Germany’s biggest bank on Monday reassured investors that it has sufficient funds after the shares plunged the most in almost seven years, eroding almost €2 billion ($2.2 billion) in market value. Deutsche Bank rebounded after it said in a statement that it’s able to meet obligations on its additional Tier 1 notes both this year and next, with chief financial officer Marcus Schenck telling employees the capital position remains “strong."
Co-chief executive officer John Cryan is struggling to convince investors that he’s able to boost capital buffers and profitability by cutting costs and eliminating thousands of jobs as volatile markets undermine revenue and outstanding regulatory probes raise the spectre of continued legal charges. The cost of protecting Deutsche Bank’s debt against default has more than doubled this year, while the shares have dropped about 38%.
“Investors are worried we’re in for a financial crisis reloaded and that banks have risk on their books," said Philipp Haessler, an analyst at Equinet AG with a neutral recommendation on Deutsche Bank’s shares. “The developments at Deutsche Bank show just how nervous investors are."
The shares jumped as much as 5.4%, the biggest intraday gain since October, and were up 0.3% at €13.87 as of 11:23 a.m. in Frankfurt.
Deutsche Bank and European rivals including Credit Suisse Group AG and Barclays Plc are getting walloped by a global market rout just as they embark on ambitious overhauls of their securities units. The selloff, as investors seek safety from China’s slowdown and falling oil prices, is complicating that task by reducing revenue from investment banking and making parts of the business more expensive to exit, hampering efforts to ultimately plow more earnings into capital.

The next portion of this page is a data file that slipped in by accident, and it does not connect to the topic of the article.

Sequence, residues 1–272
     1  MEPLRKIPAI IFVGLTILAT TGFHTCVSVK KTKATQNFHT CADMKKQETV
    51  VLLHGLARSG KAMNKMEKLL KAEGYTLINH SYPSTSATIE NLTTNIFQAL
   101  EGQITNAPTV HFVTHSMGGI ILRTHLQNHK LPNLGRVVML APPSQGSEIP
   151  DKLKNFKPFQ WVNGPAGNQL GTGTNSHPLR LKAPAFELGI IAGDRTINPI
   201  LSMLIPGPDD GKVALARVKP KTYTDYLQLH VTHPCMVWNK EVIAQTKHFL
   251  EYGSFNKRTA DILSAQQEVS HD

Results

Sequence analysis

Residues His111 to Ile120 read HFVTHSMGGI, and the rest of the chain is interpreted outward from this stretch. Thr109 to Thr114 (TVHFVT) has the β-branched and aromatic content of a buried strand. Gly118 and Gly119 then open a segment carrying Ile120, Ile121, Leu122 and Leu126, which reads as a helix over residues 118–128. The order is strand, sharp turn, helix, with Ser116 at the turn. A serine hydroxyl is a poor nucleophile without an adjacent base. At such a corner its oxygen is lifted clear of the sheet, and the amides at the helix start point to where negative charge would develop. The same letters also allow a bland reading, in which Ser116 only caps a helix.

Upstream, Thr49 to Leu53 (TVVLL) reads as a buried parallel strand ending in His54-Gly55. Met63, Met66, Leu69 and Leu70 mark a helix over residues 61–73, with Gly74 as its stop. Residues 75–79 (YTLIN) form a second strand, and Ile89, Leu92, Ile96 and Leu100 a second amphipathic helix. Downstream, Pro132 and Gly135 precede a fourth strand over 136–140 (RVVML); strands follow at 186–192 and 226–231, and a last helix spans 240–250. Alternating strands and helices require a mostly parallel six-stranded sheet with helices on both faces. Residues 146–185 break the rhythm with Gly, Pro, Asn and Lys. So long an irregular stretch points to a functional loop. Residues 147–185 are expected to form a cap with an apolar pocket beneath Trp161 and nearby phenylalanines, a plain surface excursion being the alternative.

January marked the worst start to a year for underwriting bonds in Western Europe since 2008, while high-yield bond fees slumped 78% from last year, data compiled by Freeman & Co. show. Stock sales in Europe, the Middle East and Africa dropped 60% so far this year, data compiled by Bloomberg show. Shares of the three investment banks have tumbled at least 25% since that month began, putting them in the bottom half of the 39-company Bloomberg Europe Banks and Financial Services Index.
“It’s going to be a really bad year," said Lutz Roehmeyer, who helps manage about €11 billion at LBB Invest in Berlin, which holds shares of lenders including Deutsche Bank. European banks “can essentially scrap any goals they had set themselves for this year."
Deutsche Bank said on Monday that it still has room to pay about €1 billion in 2016, enough to cover about €350 million in Additional Tier 1 coupons due in April. The estimated payment capacity for 2017 is about €4.3 billion , boosted in part by proceeds from the announced sale of a stake in Huaxia Bank Co., the Frankfurt-based lender said. The 2017 estimate is before any effect from 2016 profit or losses.
The statement did little to reverse a selloff in credit markets. The cost to protect against losses on the bank’s riskiest debt continued to climb, reaching the highest level since the height of the European debt crisis in 2011, according to data compiled by Bloomberg.